Hoods can be helmet-compatible, which is a priority if you need extra protection and warmth around your face and neck while riding a lift or skiing during a snow storm. Some hoods are adjustable via elastic pulls, like the Ortovox 3L Guardian Shell Jacket. And others have an integrated visor so they don’t collapse beneath moisture. A handful of hoods are removable, while others are fixed.

(Photo/Morgan Tilton)

Sleeve Cuffs & Powder Skirt

Powder skirts can be a great addition to a jacket to prevent fluffy flakes from flying up and soaking your base layers or lower back. Some powder skirts are removable, and some have attachment points to connect to your ski or snowboard pants.

Sleeve cuffs generally have a Velcro closure, though some designs have additional snaps that vary in width. Many cuffs have an inner wrist gaiter — a stretchy fabric for warmth that sometimes has thumbholes to help secure the fabric over the top of the hand.

Pockets

Most jackets include two exterior hand pockets with zip closures, which can be low or placed higher for compatibility with a backpack belt or harness for ski or splitboard mountaineering. Other exterior pockets can include small pouches on the arm or on the chest. Deep, wide, higher-placed exterior pockets can be nice for stowing a smartphone or notebook in the backcountry.

Interior pockets often have a zip closure, ports for headphones, or a mesh construction with an elastic band at the top. These can be great for chambering a credit card or ID.

Deep, wide interior pockets can be essential for holding backcountry skins, especially if the temperature is crisp and you need to prevent the glue from freezing over between use. Occasionally, a pocket is insulated to help extend the battery life of your smartphone.

Examine what you’ll need to carry, the adequate pocket size, and if the pockets are located in the most comfortable place for you.

Fit

Generally, ski jacket designs land in two camps — trimmer with a more streamlined, athletic fit or roomier and boxier with a more relaxed silhouette. Both can be comfortable. If you’re wearing a backpack in the backcountry, it can be better to wear a well-fitted jacket so the fabric doesn’t get pinched up.

Size-wise, each manufacturer has its own size charts for male and female models. Be sure to take your personal measurements and match them up with the size charts, which can differ across brands.

A handful of companies deliver more size inclusivity with broader offerings in the men’s and women’s categories including Columbia, Obermeyer, and L.L.Bean.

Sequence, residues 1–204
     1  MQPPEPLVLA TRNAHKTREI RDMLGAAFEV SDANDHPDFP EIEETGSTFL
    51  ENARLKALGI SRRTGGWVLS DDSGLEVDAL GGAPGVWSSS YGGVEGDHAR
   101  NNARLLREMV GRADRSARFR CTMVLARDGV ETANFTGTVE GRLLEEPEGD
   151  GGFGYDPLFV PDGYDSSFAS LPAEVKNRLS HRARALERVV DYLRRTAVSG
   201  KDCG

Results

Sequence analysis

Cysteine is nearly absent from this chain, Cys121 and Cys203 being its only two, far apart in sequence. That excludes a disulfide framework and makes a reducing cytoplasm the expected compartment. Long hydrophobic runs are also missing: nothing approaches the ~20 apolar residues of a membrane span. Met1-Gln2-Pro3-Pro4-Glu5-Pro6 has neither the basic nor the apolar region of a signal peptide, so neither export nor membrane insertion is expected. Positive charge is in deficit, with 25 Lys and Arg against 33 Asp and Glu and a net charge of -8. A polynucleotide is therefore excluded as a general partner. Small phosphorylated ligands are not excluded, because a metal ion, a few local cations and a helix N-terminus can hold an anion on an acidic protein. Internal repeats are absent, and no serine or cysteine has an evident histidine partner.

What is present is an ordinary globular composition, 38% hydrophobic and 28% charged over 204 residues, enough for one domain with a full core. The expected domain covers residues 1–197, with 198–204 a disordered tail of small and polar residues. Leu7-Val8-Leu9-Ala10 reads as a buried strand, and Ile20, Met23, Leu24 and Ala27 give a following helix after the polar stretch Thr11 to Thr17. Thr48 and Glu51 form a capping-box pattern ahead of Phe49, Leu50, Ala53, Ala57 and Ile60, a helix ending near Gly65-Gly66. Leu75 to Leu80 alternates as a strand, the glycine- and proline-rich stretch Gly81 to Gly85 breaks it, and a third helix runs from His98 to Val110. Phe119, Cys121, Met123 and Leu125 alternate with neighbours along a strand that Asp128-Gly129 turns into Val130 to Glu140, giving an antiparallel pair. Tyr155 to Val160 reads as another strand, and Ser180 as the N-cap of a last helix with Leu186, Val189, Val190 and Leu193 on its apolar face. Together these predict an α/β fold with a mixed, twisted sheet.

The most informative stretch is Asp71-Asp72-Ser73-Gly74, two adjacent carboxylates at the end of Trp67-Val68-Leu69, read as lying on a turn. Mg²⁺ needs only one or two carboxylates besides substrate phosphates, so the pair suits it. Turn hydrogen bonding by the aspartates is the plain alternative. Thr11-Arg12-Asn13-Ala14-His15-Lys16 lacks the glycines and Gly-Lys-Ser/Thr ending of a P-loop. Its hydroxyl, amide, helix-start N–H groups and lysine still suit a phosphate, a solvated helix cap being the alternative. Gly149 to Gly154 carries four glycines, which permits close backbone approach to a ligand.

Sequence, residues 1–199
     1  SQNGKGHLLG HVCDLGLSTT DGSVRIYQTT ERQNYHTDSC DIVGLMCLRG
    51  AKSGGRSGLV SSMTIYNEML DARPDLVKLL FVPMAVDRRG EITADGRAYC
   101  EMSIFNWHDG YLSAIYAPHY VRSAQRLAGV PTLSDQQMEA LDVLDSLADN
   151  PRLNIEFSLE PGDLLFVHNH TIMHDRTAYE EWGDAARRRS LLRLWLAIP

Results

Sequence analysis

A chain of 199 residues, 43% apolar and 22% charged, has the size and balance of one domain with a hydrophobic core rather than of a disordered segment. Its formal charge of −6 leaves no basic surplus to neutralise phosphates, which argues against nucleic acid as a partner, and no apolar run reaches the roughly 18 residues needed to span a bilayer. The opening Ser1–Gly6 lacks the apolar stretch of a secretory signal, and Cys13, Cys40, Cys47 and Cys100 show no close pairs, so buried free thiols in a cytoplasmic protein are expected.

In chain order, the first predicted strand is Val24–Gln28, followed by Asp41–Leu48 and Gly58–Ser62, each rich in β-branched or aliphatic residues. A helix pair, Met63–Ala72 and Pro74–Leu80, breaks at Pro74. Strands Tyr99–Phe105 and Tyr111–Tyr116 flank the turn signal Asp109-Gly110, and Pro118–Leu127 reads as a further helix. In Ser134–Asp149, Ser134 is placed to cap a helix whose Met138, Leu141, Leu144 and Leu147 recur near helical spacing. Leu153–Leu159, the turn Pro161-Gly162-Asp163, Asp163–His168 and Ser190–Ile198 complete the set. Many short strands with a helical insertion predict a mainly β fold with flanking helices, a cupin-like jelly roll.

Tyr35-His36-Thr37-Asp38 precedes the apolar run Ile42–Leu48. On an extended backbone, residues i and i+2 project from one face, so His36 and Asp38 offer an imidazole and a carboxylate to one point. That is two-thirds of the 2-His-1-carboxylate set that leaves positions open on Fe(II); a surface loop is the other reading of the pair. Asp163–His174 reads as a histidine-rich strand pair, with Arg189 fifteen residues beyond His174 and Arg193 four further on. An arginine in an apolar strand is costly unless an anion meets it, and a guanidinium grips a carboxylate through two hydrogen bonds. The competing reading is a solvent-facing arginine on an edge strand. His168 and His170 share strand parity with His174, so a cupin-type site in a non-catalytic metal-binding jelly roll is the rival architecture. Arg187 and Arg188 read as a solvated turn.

Everyone’s body is unique, so check the exchange and return policy before you buy.

Weight

A jacket’s weight can become an important factor for backcountry splitboarders and skiers who often need to stash their jacket in a pack and can’t sacrifice space for bulk.

Similarly, some uphill athletes want to wear a jacket for weather protection but only need a light layer. And occasional resort skiers and snowboarders take laps with a backpack on and might need to store their jackets as the conditions warm.

The lightest jackets in our top picks are 450 to 550 g: the Rab Khroma Karve GORE-TEX Jacket, Black Diamond Dawn Patrol Hybrid Shell, and Helly Hansen Odin Infinity 3L Shell Jacket. The Stio Alpiner Hooded Jacket is much lighter — only 312 g — but less of a shield. Heavier jackets are closer to 900 to 1,000 g.

Ultimately, you shouldn’t compromise a jacket’s safety or comfort features and adequate warmth to drop a little weight.

(Photo/Eric Phillips)

Why You Should Trust Us

Our team has tested, reviewed, and published ski jacket guides for men and women for several seasons. For this guide, we considered the most popular, highly acclaimed, well-made, and size-inclusive ski and snowboard jackets made for a range of conditions and across a range of prices.

To determine the best designs, our product testers have worn these jackets across a spectrum of snowy environments, including ski resorts from Crested Butte Mountain Resort to Arapahoe Basin Ski Area.

We’ve backcountry skied, splitboarded, snowmobiled, and skimo raced in Colorado’s Gunnison Valley, one of the coldest, snowiest destinations in the United States. The crew of testers ranged from AIARE-certified, avid backcountry venturers to lifelong resort skiers.

FAQ

Can I Wear Any Jacket to Ski?

Ski and snowboard jackets are specifically constructed to be waterproof/breathable and windproof to protect your health and safety while playing outside in the snow all day. These designs are also comfortable and ergonomic for the sport’s big movements, like bending over to adjust bindings, planting a pole, or shifting your shoulder orientation while riding moguls.